British politics matter
Dolores Diaz | Thursday, March 25, 2004
During a morning run through Hyde Park, I couldn’t help but step in the warm and steaming anti-Blair propaganda commemorating the one-year anniversary of the war with Iraq. As I continued through the paper jungles of various signs displaying, “Bliar” – complete with mock blood strewn about in the shape of bullet wounds – I couldn’t help but wonder if the prime minister deserved this much criticism.I had just survived a hard night and I realized that the decision whether or not to support another Blair election was like one I had just made. Indeed, it was like the decision many of us make at least once.In one way or another, we all know a Tony Blair. And who is he? I’ll tell you. Tony is the friend that proposed that bad night out. For you, it may be the weird kid sitting next to you; here in London it’s my optimistic friend that lives in the flat 22.Now, you trust this friend and you think that everything is going to run smoothly if you just take his advice on where to go for a fabulous night out, but sometimes he just lets you down. Let’s recap the last disappointing night out.The proposal. Your friend declares a state of emergency. He alerts you that apparently the quintessential hang out spot has acquired weapons of mass seduction. You and all your friends recognize the threat and see the need for immediate disarmament.The decision. After painstaking deliberation, your good friend convinces you that the threat is real and delaying action another night could prove detrimental to your future. You feel you have no logical choice but to proceed and enter dangerous territory.The preparation. This requires foresight. Funds must be acquired and budgets adjusted as you prepare to embark on your mission and search for weapons of mass seduction. The proper equipment is needed and the closet must be ransacked for the proper gear; there’s no telling what you may encounter along the way. The arrival. Boom. Boom. Boom. It’s a hopping dance floor and you’re feeling just as electric as those lights swirling overhead. The feeling is disorienting and strange and you can hardly recognize your friends in all the smoke, but you’re prepared – this is what you’ve been training for.The investigation into weapons of mass seduction. Your search is intense and painstaking. Dismissing one area and then the other, until finally you’re sure you’ve found what you’ve been looking for. You have captured a prisoner who you are sure is in possession of weapons of mass seduction. They lead you to a small corridor towards the back of the club or to a remote corner. The tension mounts … The tragedy. What just happened? You recount the previous moments and can’t seem to remember the exact point where everything went wrong. There are no weapons of mass seduction to be found, no matter how hard you look. You realize you’ve been duped.The inquiry. You may approach your friend immediately or the next day. But eventually, there is always an inquiry. So much has been invested and much has been lost; someone must be held accountable. You were assured weapons of mass seduction; their absence is inexcusable. The whitewash. And your weird friend inevitably denies everything. “I swear X told me such and such …” We all know the routine. In the end, you find no one to hang, despite your desire to ensure that this never happens again.The inquiry into weapons of mass destruction and the questioning of the prime minister is serious stuff and I’m not oversimplifying – just livening things up from the mock blood strewn over the anti-Blair signs in Hyde Park. Mistakes happen. The absence of weapons of mass destruction in Iraq was a particularly terrible one; however, let us not make matters worse by retracting support from a friend who has proved himself in the past.Ultimately, we must learn to forgive and re-invest our faith in Prime Minister Blair in the same way that we remain friends with “that kid” that screwed up. Just as our friend was acting to the best of his own personal knowledge, so was the prime minister unaware of any “sexing up” of the dossier in question. We may be a little wary the next time our friend suggests a night spot, but then again, that’s nothing more than the caution we should have initially invested in such an ambitious venture.Show your support for Prime Minister Blair. Moreover, let no one tell you what happens over the Atlantic isn’t a matter of personal importance for you. You’re more than emotionally invested in the issue.You live it.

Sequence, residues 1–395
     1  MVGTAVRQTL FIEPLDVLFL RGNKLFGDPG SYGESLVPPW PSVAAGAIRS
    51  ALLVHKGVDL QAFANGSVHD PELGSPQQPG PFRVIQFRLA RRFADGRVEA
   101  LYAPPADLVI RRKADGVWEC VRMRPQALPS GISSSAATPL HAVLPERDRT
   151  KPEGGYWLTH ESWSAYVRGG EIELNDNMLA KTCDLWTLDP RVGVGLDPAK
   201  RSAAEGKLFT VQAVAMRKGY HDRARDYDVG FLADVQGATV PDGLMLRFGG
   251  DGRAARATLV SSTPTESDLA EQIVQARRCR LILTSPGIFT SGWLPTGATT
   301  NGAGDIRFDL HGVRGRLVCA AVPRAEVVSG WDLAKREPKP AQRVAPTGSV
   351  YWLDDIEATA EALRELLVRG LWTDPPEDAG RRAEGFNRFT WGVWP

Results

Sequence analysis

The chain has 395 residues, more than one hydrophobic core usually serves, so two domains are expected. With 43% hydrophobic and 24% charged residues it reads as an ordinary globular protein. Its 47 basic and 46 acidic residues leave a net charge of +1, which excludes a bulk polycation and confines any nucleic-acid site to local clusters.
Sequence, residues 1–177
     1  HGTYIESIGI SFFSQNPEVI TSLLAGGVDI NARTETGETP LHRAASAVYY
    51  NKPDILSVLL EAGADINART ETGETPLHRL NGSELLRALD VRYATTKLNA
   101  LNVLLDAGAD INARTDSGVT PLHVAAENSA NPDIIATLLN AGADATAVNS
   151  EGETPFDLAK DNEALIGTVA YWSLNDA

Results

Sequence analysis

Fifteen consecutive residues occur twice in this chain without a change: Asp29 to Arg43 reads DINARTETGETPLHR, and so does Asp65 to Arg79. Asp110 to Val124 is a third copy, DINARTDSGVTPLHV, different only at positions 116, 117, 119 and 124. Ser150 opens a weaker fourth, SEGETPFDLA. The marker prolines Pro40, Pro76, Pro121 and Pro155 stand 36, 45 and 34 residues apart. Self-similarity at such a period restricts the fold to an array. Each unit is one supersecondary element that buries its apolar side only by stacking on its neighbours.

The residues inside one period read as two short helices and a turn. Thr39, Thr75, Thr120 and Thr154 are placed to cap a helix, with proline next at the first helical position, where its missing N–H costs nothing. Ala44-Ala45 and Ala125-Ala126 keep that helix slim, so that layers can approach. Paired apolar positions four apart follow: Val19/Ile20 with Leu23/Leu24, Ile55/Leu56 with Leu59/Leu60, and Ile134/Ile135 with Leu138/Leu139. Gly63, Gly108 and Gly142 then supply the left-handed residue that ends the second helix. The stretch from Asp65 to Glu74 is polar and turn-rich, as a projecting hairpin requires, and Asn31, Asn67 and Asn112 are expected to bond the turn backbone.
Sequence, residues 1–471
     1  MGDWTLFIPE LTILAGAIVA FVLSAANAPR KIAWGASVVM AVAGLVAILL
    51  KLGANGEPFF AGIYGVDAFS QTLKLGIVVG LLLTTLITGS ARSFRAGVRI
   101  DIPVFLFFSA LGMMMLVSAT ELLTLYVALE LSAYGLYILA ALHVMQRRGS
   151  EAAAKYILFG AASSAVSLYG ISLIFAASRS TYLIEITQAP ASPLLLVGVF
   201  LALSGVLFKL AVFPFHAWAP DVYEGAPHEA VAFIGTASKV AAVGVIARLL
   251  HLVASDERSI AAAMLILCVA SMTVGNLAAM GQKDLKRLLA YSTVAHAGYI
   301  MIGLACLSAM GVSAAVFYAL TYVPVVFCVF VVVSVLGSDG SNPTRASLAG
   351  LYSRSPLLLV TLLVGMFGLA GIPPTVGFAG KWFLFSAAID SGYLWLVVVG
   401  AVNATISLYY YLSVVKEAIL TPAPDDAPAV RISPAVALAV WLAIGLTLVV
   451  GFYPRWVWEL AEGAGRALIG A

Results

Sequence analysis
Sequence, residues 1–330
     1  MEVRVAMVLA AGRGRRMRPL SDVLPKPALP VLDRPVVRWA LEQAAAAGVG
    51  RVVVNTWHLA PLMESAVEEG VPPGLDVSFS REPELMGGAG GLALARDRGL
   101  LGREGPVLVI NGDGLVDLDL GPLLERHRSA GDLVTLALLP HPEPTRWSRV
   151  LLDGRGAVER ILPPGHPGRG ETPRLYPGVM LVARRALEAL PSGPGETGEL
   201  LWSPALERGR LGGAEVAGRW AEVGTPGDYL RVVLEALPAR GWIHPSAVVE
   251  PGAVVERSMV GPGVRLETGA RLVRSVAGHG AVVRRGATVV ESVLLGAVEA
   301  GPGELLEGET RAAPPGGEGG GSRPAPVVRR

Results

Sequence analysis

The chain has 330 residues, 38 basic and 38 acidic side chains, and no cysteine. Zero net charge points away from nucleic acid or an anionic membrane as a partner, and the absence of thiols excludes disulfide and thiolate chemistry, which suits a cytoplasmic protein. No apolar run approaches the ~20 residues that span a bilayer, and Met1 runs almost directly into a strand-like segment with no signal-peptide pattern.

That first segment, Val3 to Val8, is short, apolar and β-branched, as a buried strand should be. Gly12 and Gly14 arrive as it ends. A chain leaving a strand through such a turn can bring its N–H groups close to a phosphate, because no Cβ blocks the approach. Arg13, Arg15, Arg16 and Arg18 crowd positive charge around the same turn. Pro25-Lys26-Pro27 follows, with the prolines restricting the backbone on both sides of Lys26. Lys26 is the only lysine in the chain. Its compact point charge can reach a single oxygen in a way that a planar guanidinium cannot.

Dolores Diaz is a junior English major and journalism and theology minor. She enjoys thinking. Her column appears every other Thursday. Contact her at firstname.lastname@example.org.The views expressed in this column are those of the author and not necessarily those of the Observer.